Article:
Jefferson is considered to have initiated the science of vertebrate paleontology in the United States with the reading of this paper. In 1799, Dr. Caspar Wistar correctly identified the remains as belonging to a giant ground sloth. In 1822, Wistar proposed naming it Megalonyx jeffersonii in honor of the former president.[15][16] Desmarest then published it as such.

For many decades, Jefferson's "Certain Bones" had been assumed to have come from Organ Cave in what is now Greenbrier County, West Virginia. This theory originated in the early 20th century when a local man, Andrew Price of Marlinton, decided this and popularized the idea.[17] In 1993, two fragments of a Megalonyx scapula were found in Haynes Cave in neighboring Monroe County. In 1995, Smithsonian paleontologist Frederick Grady proposed[18] that Haynes Cave was the true original source of Jefferson's fossil.

Grady’s reasons had to do with historical land-ownership records. Jefferson reported that the bones had been found by saltpeter workers and gave the cave owner’s name as Frederic Crower, an apparent misspelling (according to Grady) of Frederic Gromer. Correspondence between Jefferson and Colonel Stuart, who sent him the bones, indicates that the cave was about five miles from Stuart’s home and contained saltpeter vats. Grady believes that Organ Cave can be eliminated as the source cave as it was never owned by Gromer. In addition, two letters written by the subsequent owner of the cave—Tristram Patton—indicate that the cave was in Monroe County near Second Creek. (Monroe County, originally part of Greenbrier County, was separated shortly after the discovery of the bones.) In the letters, Patton described the cave and indicated that more bones were there.[19]

M. jeffersonii is still the most commonly identified species of Megalonyx. It was designated the state fossil of West Virginia in 2008.

(incomplete listing)



  1. ^ a b
  2. ^ Semken and Brenzel,
  3. ^ Semken; Brenzel (2007). "One Sloth Becomes Three". Newsletter of the Iowa Archeological Society 57: 1.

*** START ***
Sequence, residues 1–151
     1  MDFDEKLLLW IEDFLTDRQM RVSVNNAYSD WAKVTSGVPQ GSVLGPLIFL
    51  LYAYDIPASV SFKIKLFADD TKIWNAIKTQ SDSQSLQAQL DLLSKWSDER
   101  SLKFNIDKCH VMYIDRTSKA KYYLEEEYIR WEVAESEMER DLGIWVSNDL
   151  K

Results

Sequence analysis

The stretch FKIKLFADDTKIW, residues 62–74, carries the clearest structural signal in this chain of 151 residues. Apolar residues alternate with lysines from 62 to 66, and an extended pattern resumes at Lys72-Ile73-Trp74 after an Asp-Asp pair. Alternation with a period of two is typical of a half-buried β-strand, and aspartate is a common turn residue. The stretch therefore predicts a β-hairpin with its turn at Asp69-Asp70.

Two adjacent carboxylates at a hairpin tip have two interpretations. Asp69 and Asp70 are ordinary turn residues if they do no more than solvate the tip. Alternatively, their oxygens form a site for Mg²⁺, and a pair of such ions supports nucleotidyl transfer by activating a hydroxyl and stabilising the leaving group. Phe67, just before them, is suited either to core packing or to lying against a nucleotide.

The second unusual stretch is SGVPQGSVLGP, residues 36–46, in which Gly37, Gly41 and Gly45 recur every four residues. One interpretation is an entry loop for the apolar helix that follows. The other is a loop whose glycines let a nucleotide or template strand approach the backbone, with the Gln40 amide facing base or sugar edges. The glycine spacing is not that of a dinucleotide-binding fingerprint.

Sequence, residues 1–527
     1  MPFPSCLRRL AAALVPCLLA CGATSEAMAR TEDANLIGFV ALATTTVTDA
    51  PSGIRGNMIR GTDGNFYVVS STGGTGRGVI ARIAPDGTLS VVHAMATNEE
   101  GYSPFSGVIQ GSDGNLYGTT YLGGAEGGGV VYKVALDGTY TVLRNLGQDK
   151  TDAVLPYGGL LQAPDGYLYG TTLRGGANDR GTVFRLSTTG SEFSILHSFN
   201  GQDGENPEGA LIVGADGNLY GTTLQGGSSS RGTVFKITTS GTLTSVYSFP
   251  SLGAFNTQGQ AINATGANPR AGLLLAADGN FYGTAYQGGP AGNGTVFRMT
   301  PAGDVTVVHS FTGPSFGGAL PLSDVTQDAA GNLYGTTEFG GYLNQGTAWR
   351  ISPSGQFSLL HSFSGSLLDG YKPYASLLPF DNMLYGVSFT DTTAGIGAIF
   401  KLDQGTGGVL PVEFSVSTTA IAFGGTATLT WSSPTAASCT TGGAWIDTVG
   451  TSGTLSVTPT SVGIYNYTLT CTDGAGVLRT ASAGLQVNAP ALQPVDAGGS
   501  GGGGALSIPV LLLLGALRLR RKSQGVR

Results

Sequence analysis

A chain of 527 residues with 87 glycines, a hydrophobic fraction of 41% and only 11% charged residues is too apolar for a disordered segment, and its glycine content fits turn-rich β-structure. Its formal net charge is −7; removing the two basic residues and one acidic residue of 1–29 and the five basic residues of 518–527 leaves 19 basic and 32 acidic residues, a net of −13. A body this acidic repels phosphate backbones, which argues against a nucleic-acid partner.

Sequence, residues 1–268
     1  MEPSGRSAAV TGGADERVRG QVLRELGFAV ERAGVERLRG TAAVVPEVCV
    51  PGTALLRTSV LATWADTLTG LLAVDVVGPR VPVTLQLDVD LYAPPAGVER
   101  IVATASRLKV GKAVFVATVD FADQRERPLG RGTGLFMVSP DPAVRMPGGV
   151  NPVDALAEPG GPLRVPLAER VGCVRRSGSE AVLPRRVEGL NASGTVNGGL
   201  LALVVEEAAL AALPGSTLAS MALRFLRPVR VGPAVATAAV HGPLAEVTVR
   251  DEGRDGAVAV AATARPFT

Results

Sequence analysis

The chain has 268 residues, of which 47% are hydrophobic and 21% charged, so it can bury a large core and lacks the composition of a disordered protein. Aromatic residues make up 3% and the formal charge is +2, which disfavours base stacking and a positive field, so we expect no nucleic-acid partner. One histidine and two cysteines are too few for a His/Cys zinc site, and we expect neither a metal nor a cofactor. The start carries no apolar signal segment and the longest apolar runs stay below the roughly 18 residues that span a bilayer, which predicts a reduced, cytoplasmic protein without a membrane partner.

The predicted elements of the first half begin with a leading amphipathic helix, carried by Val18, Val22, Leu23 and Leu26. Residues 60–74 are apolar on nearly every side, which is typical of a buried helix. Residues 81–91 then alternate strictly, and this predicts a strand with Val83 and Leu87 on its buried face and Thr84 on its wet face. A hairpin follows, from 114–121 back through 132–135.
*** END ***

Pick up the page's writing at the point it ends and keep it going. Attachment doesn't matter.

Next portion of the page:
4. ^ "Megalonyx". Paleobiology Database. Retrieved 2011-07-16. 
  5. ^ Stock, C. (1942-05-29). "A ground sloth in Alaska". Science (AAAS) 95 (2474): 552–553. doi:10.1126/science.95.2474.552. PMID 17790868. 
  6. ^ McDonald, H. G.; Harington, C. R.; De Iuliis, G. (September 2000). "The Ground Sloth Megalonyx from Pleistocene Deposits of the Old Crow Basin, Yukon, Canada" (PDF). Arctic (Calgary, Alberta: The Arctic Institute of North America) 53 (3): 213–220. doi:10.14430/arctic852. Retrieved 2008-08-16. 
  7. ^ McDonald, H. G.; Harington, C. R.; De Iuliis, G. (September 2000). "The Ground Sloth Megalonyx from Pleistocene Deposits of the Old Crow Basin, Yukon, Canada" (PDF). Arctic (Calgary, Alberta: The Arctic Institute of North America) 53 (3): 213–220. doi:10.14430/arctic852. Retrieved 2008-08-16. 
  8. ^ Stock, C. (1942-05-29). "A ground sloth in Alaska". Science (AAAS) 95 (2474): 552–553. doi:10.1126/science.95.2474.552. PMID 17790868. 
  9. ^ "Snowmass tally: 10 mastodons, 4 mammoths, one "once-in-a-lifetime" find". The Denver Post. November 18, 2010. 
  10. ^ "Research reveals first evidence of hunting by prehistoric Ohioans". Cleveland Museum of Natural History. Feb 2012. Retrieved 12 Apr 2012. 
  11. ^ McKenna, M.C.; Bell, S.K. (1997). Classification of Mammals: Above the Species Level. Columbia University Press. p. 100. ISBN 0-231-11013-8. 
  12. ^ Fiedal, Stuart (2009). "Sudden Deaths: The Chronology of Terminal Pleistocene Megafaunal Extinction". In Haynes, Gary. American Megafaunal Extinctions at the End of the Pleistocene. Springer. pp. 21–37. doi:10.1007/978-1-4020-8793-6_2. ISBN 978-1-4020-8792-9. 
  13. ^ Jefferson, Thomas, "A Memoir on the Discovery of Certain Bones of a Quadruped of the Clawed Kind in the Western Parts of Virginia", Read before the American Philosophical Society, March 10, 1797.
  14. ^ Rowland, Steve, "The Fossil Record", Published lecture notes for "The Fossil Record" course at the University of Nevada, Las Vegas, August 2010
  15. ^ Jefferson, Thomas (1799). "A Memoir on the Discovery of Certain Bones of a Quadruped of the Clawed Kind in the Western Parts of Virginia". Transactions of the American Philosophical Society 4: 246–260. doi:10.2307/1005103. JSTOR 1005103. 
  16. ^ Wistar, Caspar (1799), “A Description of the Bones Deposited, by the President, in the Museum of the Society, and Represented in the Annexed Plates", Transactions, pp. 526-531, plates.
  17. ^ Humphreys, Blanche (1928), History of Organ Cave Community (Greenbrier County, West Virginia); Agricultural Extension Division.
  18. ^ Grady, Fred (1995), "The Search for the Cave from which Thomas Jefferson Described the Bones of the Megalonyx" [Abstract], In: "Selected Abstracts from the 1995 National Speleological Society National Convention in Blacksburg, Virginia"; In: Journal of Cave and Karst Studies, April 1997, pg 57.
  19. ^ Grady (1995), Op. cit.
  20. ^ Williams, David B. (2010). Construction at Sea-Tac Airport unearths an extinct giant sloth on February 14, 1961.

Other sources[edit]

  • Cope, ED. (1871) Preliminary report on the vertebrata discovered in the Port Kennedy Bone Cave. American Philosophical Society, 12:73-102.
  • Cope, ED. (1893) A preliminary report on the vertebrate paleontology of the Llano Estacado. 4th Annual Report on the Geological Survey of Texas: 136pp.
  • Hirschfeld, SE. and SD. Webb (1968) Plio-Pleistocene megalonychid sloths of North America. Bulletin of the Florida State Museum Biological Sciences, 12(5):213-296.

External links[edit]